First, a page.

It’s a beautiful weekend here in the PNW, and it’s time to get out there. This past weekend was the “Round Whidbey” race, which starts off Deception Pass and goes around the South end of the Island, and back to Oak Harbor. Well, it goes back there if you have enough wind. More on that later.
So the start was sunny…..but not a lot of wind. The committee boat was going to postpone the start, to wait for more wind. But then at the last minute they decided to get going at 9am anyway….which is why all the boats are so far from the start line up there by the yellow bouy. We were all out of position due to the postponement and we didn’t have wind to get up to the line for a screaming start
So we had a slow drifting start.
We took and inside course this year, having been caught too many times on the outside route. But this year 80% of the fleet when out…and they found wind and sailed away from us. Sigh. That’s racing.
But we crossed to Port Townsend popped the spinnaker and headed South. We did pretty well picking our line through the current and passed most of the boats who were with us.
So when we got to the South end of Whidbey Island, there was the whole fleet that had sailed away from us in the morning. Sure they got there early, but the wind died and current pushed them South of the bouy where they need to turn North. What’s more, we had a great angle on the bouy, and as we approached we where the inside boat to go around…and the wind was light…but filling in behind us. That means that we were able to slowly sail along with the leading edge of the wind….and as we’d come up on each boat….they would finally get wind…but we had momentum and would pass them before they could get going. The result was us leading a long line of boats around the mark.
Nice way to spend a Saturday evening.
Of course, then the wind died. 😉 So we made spaghetti, and ate while the sun went down
Now boat races don’t end when the sun goes down. We just turn on the little red and green running lights, and keep going. About 10pm, as the full moon was rising, a 6mph wind came down from the North….the direction we need to go…but can’t sail directly. This started an all night, slow motion, tacking duel between the entire fleet. So here’s the way this works, you can’t go North, you have to sail at 45-degree angles to the wind, tacking back and forth, trying to get more wind than everyone else and get further North faster than everyone else does. Boats can all be next to each other….or they might be on opposite tacks. In which case they will cross paths in the middle. And Often you can’t tell who’s ahead until the last minute as you approach the other boats to cross. And in the dark it’s even harder to see what’s happening.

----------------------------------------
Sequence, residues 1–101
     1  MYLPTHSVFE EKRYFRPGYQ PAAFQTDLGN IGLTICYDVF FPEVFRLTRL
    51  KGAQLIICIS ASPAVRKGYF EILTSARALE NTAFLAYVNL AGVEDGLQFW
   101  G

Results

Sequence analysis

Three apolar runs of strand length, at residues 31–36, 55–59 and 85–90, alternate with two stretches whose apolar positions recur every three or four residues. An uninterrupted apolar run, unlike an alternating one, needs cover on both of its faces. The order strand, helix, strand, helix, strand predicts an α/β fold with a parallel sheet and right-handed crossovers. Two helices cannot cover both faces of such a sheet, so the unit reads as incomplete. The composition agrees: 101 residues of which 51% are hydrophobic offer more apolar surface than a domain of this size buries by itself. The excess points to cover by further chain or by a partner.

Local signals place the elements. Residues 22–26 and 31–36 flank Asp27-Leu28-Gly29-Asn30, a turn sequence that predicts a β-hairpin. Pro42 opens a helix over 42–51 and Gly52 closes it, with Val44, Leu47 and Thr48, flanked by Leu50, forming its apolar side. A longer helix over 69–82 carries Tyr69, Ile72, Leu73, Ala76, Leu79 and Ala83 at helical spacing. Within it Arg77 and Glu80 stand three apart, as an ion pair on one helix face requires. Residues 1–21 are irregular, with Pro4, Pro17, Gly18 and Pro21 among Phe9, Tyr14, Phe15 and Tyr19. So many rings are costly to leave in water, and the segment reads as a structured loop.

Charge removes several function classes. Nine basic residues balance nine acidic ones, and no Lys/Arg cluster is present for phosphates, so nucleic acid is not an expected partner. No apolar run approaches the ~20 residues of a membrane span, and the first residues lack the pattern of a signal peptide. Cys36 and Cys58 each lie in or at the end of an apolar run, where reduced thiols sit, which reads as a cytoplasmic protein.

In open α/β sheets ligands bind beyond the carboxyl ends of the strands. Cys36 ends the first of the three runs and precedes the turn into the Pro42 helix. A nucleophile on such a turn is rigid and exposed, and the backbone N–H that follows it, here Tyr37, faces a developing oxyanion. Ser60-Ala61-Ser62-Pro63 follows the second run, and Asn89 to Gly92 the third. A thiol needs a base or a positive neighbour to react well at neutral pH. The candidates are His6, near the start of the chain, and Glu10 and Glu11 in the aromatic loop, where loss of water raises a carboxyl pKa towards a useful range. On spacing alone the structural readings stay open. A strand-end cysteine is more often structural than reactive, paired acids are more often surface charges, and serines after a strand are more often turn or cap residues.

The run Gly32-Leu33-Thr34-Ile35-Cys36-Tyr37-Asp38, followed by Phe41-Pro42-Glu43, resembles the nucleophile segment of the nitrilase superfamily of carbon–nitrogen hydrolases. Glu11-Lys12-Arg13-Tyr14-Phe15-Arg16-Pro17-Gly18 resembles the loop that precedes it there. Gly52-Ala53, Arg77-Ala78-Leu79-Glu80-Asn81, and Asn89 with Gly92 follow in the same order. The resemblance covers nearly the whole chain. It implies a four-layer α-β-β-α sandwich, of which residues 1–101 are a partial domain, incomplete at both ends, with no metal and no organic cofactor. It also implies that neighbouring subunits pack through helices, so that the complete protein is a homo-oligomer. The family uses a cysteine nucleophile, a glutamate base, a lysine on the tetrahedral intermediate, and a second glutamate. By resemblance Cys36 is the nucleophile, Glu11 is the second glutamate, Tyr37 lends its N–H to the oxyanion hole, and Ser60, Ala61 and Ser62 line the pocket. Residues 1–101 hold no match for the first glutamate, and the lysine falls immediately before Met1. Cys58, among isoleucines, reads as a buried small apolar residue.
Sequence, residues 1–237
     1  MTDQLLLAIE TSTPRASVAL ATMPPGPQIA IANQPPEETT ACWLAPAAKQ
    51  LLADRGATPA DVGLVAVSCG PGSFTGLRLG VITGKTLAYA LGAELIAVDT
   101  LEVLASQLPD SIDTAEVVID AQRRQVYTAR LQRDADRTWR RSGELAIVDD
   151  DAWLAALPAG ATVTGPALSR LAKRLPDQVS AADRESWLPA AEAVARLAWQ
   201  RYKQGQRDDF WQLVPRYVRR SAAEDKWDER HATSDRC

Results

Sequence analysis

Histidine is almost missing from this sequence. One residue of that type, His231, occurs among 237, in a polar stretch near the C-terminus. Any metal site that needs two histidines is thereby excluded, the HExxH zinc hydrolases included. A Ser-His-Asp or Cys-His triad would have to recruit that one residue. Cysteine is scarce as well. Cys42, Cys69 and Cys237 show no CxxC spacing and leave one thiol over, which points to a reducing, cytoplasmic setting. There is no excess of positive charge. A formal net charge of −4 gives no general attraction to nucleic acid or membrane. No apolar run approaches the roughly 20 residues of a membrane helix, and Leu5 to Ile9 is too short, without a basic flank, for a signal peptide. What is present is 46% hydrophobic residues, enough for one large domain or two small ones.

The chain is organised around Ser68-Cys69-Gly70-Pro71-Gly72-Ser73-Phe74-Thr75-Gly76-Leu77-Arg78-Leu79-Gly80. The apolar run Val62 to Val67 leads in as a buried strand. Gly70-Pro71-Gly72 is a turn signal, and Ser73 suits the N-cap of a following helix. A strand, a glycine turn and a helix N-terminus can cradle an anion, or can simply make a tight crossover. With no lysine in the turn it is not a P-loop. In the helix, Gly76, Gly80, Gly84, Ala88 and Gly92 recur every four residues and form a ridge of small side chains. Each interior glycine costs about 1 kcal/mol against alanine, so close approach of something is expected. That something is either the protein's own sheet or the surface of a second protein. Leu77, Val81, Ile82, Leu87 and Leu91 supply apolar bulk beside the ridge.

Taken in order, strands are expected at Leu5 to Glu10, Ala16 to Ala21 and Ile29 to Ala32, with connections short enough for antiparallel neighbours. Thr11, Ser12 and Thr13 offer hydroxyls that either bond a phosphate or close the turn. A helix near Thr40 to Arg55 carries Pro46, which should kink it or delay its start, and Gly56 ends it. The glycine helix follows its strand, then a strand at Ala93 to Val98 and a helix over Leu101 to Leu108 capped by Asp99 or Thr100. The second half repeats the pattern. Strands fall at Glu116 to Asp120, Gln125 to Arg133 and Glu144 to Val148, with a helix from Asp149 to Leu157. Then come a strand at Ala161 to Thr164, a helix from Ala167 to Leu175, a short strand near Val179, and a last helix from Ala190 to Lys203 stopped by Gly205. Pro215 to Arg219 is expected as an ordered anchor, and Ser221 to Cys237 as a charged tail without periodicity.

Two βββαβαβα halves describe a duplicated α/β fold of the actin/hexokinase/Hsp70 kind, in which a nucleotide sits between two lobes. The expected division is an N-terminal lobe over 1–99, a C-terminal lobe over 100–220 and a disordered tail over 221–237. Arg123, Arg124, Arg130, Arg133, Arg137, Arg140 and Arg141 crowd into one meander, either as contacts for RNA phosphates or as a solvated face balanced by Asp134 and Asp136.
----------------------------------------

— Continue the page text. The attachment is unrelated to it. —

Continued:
I don’t have pictures to share….as it was too dark. Lets say I spend a lot of time on the bow peering into the night looking for sails and running lights of other boats, trying to see if we were going to cross ahead of them or behind. It was a blast. But I was also happy to take my turn napping from 1am to 4am.
When I got up, I took over the helm, and was surprised to see how little the fleet had gotten North….despite all the tacking. There is a current to fight….and with light winds it’s hard. And in the early morning hours, the wind died again.
My watch mate and I were able to follow a wind shear line. (you can see them out on the water} and were able to pull away from several boats. But then the wind died again South of the entrance to Saratoga Passage. So I went below and baked cinnamon roles for the crew. Funny thing about sleep deprived sailors. They think any food is good.
And that’s where we had to make the call at 9am.
We were 18 nautical miles from the finish line. You have to be there by 1pm. Four hours. We had to average 4.5 knots to cross the line in time. We had 2 knots of wind and a boat speed of .83 knots. The forecast was for calm winds. The waters were mirror flat. Now we love to sail, but we’re not stupid. We can drift around baking in the sun, and have pretty much no chance of finishing. Then we’d have a long cruise back to Everett. Or we could just pack it in now, revel in catching the fleet at the mark and the all night tacking duel. So we said, we’re done. Pulled in all the sails and headed for home to spend Sunday recovering.
All in all it was a blast. Here’s to more wind next year. A race is always more fun with wind.
On the ride home Karin asked, “Hey why don’t we race our boat?” 🙂 I love my wife. Anyone want to crew for me?